3.Find a Support Group
Oh man. This is my favorite. I have found so much comfort in a good support group and the feeling of knowing you aren’t alone is priceless. There are several great breastfeeding support groups that you can join on Facebook. You can ask questions and get answers from other moms and you can also get help from lactation consultants within the group.
I finally got fed up with the latch issues that Hendrix and I were having so I googled to find a lactation consultant in my area. One of them directed me to a group that had weekly meet-ups in a town about a 30 minute drive from where I live. The first opportunity I got I went and discovered other moms that had questions, problems, and needed support just like I did. This group met at a hospital and was led by licensed lactation consultants. The best part was that it was all free! I committed to going to the meet up every week until Hendrix and I felt comfortable breastfeeding together on our own.
4.Have All of Necessary Gadgets and Gizmos
A Good Pillow
Half the battle of breastfeeding in the early days of Hendrix’s life was finding the right pillow combination where Hendrix and I were both comfortable. It wasn’t until I met with a lactation consultant that she showed me the My Brestfriend nursing pillow and that was a game changer for me! It was sturdy enough to hold baby and rest my arms comfortably. I also like that I didn’t have to use 10,000 bed pillows to try to find a comfortable position. One pillow and it’s done. 3 months later and I still bring My Brestfriend with me in the car just in case I need to breastfeed him while I am out and need the support.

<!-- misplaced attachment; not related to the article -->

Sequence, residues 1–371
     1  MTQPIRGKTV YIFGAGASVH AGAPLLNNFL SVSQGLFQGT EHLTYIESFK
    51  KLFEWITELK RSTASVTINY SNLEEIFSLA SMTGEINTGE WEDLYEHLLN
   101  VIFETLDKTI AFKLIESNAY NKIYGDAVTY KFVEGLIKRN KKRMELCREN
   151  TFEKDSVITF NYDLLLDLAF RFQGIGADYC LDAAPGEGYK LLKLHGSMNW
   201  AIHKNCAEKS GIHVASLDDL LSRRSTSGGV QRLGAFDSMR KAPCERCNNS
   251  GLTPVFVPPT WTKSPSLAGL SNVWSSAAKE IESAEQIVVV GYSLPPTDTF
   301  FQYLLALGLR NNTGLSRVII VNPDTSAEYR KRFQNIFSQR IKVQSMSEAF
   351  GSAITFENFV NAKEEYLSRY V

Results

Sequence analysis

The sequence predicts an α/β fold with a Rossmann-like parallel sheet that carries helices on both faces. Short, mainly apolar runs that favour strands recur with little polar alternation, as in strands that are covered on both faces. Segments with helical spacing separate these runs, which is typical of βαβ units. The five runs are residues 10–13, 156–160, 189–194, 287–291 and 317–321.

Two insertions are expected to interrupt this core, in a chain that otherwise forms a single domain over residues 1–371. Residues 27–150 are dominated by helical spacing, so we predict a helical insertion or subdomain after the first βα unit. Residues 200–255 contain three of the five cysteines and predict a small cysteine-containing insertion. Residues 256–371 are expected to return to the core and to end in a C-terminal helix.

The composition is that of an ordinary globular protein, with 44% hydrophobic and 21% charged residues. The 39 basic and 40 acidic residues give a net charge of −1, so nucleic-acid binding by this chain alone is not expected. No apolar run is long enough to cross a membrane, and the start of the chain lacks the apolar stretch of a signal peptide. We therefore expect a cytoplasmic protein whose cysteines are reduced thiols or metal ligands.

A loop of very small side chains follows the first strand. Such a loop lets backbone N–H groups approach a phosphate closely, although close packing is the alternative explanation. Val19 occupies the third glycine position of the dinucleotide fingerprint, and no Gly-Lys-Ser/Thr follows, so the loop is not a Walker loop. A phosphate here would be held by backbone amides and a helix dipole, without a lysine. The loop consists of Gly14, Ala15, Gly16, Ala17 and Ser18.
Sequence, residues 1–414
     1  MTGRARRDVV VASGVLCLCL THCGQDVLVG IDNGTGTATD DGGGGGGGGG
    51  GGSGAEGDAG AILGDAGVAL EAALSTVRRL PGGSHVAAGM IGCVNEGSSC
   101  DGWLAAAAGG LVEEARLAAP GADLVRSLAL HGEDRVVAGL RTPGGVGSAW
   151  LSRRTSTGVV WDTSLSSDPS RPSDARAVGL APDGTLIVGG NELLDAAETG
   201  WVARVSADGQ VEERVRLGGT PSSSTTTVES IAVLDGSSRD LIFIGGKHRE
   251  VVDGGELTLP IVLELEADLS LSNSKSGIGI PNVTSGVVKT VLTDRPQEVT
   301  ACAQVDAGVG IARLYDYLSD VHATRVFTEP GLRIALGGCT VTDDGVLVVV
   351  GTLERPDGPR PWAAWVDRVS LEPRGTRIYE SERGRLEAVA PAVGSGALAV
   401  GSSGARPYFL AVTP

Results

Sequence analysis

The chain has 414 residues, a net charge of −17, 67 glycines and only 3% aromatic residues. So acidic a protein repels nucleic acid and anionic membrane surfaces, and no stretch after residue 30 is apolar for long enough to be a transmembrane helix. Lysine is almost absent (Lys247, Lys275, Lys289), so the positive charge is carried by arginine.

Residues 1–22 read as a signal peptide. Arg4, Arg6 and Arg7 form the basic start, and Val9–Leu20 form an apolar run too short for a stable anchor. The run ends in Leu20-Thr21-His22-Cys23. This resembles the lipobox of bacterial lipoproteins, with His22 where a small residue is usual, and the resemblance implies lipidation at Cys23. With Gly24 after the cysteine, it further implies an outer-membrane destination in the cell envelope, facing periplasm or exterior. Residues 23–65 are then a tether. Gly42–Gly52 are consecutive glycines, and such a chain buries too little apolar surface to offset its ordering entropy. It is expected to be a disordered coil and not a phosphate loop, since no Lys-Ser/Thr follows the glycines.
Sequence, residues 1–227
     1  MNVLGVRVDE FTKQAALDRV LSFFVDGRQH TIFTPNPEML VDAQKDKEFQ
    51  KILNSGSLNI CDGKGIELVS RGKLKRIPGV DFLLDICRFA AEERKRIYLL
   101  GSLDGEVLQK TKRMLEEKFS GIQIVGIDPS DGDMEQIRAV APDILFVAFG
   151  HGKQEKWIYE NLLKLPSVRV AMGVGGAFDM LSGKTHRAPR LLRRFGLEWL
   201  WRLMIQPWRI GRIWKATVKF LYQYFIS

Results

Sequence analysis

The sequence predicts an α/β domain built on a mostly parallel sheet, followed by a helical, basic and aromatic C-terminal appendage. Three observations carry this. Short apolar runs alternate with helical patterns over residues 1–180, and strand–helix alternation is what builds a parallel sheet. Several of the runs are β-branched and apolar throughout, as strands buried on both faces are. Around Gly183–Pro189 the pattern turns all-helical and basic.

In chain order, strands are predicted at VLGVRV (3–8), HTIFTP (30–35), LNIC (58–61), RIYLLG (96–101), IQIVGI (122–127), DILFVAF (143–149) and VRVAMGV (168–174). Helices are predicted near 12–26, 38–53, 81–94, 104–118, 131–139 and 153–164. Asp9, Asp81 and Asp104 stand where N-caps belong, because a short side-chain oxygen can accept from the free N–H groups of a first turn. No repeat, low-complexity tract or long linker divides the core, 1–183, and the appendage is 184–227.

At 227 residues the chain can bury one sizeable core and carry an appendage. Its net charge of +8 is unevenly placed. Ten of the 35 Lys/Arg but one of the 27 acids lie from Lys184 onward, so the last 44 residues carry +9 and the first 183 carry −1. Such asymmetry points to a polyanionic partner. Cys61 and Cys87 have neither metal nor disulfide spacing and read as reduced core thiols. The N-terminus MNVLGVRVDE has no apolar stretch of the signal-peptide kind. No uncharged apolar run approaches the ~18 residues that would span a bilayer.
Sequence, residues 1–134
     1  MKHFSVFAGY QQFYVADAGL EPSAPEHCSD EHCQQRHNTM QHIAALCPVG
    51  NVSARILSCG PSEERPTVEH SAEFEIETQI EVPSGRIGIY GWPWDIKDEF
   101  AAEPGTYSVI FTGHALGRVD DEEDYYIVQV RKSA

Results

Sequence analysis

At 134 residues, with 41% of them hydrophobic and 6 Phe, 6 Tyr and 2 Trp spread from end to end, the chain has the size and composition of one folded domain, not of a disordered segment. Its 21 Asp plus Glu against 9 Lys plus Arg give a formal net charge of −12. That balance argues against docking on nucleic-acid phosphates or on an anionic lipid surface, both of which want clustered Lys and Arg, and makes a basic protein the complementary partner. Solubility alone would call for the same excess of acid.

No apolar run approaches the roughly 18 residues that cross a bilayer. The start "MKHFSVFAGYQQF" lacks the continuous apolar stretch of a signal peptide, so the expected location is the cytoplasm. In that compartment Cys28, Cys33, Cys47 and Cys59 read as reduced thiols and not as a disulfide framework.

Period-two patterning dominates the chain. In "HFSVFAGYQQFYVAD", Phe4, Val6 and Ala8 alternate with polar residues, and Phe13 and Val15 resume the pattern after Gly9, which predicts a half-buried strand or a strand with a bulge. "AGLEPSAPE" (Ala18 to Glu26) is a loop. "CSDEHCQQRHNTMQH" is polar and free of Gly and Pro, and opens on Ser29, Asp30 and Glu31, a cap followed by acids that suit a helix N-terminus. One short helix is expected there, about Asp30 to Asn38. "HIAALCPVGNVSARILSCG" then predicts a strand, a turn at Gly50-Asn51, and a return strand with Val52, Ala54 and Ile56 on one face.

Breast Gel Heating Pads
Those early weeks when your breasts are engorged and your ducts are throbbing are the days when a heating pad will be your bestie. As I mentioned above I did have one bout of mastitis and during this time I relied on my heating pad as I massaged any swollen or clogged ducts.
Sunflower Lecithin and Probiotics
Because I got Mastitis twice with Cami and once with Hendrix I know that it’s something that I don’t ever want again. Truth be told, baby to the breast is the best way to prevent it as a pump doesn’t empty as well as a baby will. With Cami I exclusively pumped so I was more prone to getting infection. When I got it with Hendrix I was breastfeeding him on my right side and pumping my left because the left nipple was too damaged to feed him from. With the combination of healing, getting Hendrix back on the breast, sunflower lecithin (helps to thin out breast milk), and probiotics, I feel as though I rid myself of getting mastitis for good.
Coconut oil pretty much can be used to make anything better these days! Slathering it on those nips is yet another great use for it. It’s natural, doesn’t mess with the chemistry of your milk, and is safe for baby to ingest. It can help to heal cracked or bleeding nipples, and is also a great lubricant if you are pumping.
5. Get Nursing Friendly Clothing That Makes You Feel Good
Nowadays it’s getting easier to find clothing that gets you quick access to the ta-tas thanks to online shops like Ingrid & Isabel, Belabumbum, and Pink Blush. Seriously. I waited until the 11th hour with pregnancy number two to think about nursing attire and with a couple clicks of my mouse I was able to get some really great stuff from my 3 favorite shops.